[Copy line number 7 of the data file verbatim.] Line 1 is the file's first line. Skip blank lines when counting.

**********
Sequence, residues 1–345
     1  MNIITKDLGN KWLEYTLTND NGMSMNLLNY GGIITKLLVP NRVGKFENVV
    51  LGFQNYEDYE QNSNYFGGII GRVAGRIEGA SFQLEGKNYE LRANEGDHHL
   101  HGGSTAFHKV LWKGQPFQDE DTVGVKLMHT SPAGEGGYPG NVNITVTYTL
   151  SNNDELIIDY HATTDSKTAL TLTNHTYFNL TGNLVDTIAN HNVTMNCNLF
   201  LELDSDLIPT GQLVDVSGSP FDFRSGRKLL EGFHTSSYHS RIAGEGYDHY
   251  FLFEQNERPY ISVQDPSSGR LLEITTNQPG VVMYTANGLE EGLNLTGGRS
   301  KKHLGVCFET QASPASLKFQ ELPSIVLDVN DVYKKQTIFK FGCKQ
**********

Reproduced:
   251  FLFEQNERPY ISVQDPSSGR LLEITTNQPG VVMYTANGLE EGLNLTGGRS